Another tip that she guarantees will nail personal statements is the power of three. For example, if a prompt to a scholarship asks why one is the best candidate, they have to give them three reasons why. She assures that this is a brilliant strategy and it works. “Human beings love things in three. It sounds definitive, it conveys critical analysis and it doesn’t overwhelm the reader. See? I just did it right there. The power of three.” She also pointed out that students need to realize admissions officers don’t know the context in which the student is writing in. They don’t know their background so the students need to tell them.

Ocampo told students that their obstacles can be advantageous to them. “Letting the UC system know that you’re first-generation boosts your chances of getting in. It tells them that even though you’re first-generation and didn’t have mentors to guide you, you succeeded anyway.” Admissions officers see that a student is involved, is in three different sports and is taking various AP courses. However, admissions officer don’t know why the student is doing all of that so it is the student’s job to provide them with that context.

Ocampo also referred to students of traditional parents, parents who are close-minded to letting students get involved in extracurricular activities at school. “Explain to the reader why you couldn’t be involved. You had to go home and weren’t able to stay after school because you had to go pick up your little brothers and sisters. You had a lot of obstacles but you overcame them because of your competitive spirit.”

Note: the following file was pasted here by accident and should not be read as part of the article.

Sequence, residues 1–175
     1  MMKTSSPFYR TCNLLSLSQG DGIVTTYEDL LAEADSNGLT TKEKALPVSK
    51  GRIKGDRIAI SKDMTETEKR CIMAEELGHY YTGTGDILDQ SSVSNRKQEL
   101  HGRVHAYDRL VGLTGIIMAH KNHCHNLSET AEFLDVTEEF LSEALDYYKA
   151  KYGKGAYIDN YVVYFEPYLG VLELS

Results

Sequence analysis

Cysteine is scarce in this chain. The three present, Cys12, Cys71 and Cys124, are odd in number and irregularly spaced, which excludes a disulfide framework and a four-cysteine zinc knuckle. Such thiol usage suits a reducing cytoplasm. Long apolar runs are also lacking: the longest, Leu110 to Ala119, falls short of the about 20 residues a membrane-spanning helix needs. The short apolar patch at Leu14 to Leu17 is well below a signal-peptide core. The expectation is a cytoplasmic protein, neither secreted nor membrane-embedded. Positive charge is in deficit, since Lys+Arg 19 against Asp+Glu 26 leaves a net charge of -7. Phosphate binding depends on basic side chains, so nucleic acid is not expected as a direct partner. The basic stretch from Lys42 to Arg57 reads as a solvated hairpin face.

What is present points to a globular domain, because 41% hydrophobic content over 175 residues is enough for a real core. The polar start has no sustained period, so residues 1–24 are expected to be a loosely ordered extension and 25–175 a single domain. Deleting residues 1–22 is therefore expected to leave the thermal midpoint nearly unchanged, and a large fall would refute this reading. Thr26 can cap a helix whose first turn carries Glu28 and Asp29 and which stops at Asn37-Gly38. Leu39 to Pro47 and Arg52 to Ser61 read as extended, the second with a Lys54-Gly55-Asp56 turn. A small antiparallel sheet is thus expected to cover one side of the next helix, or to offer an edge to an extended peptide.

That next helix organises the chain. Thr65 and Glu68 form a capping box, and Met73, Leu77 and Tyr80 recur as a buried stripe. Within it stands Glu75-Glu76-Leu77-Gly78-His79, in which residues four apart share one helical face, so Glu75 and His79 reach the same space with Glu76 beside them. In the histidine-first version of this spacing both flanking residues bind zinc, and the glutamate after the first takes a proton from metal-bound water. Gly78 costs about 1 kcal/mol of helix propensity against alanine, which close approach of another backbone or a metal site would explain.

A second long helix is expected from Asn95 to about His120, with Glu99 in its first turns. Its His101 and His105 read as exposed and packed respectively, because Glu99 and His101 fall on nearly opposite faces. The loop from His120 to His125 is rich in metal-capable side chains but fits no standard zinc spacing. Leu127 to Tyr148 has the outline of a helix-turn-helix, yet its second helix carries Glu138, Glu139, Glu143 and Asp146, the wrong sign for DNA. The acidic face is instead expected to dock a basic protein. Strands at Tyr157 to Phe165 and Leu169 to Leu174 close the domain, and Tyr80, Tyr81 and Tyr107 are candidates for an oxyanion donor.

Letting the readers know what a student did in high school to succeed gives the UC’s the idea that the student will continue to accomplish those things at their campus. “Students need to write compelling and organized essays. Don’t make them(the readers) search for your thesis. Make it easy to follow, don’t make your reader guess and make a convincing argument.”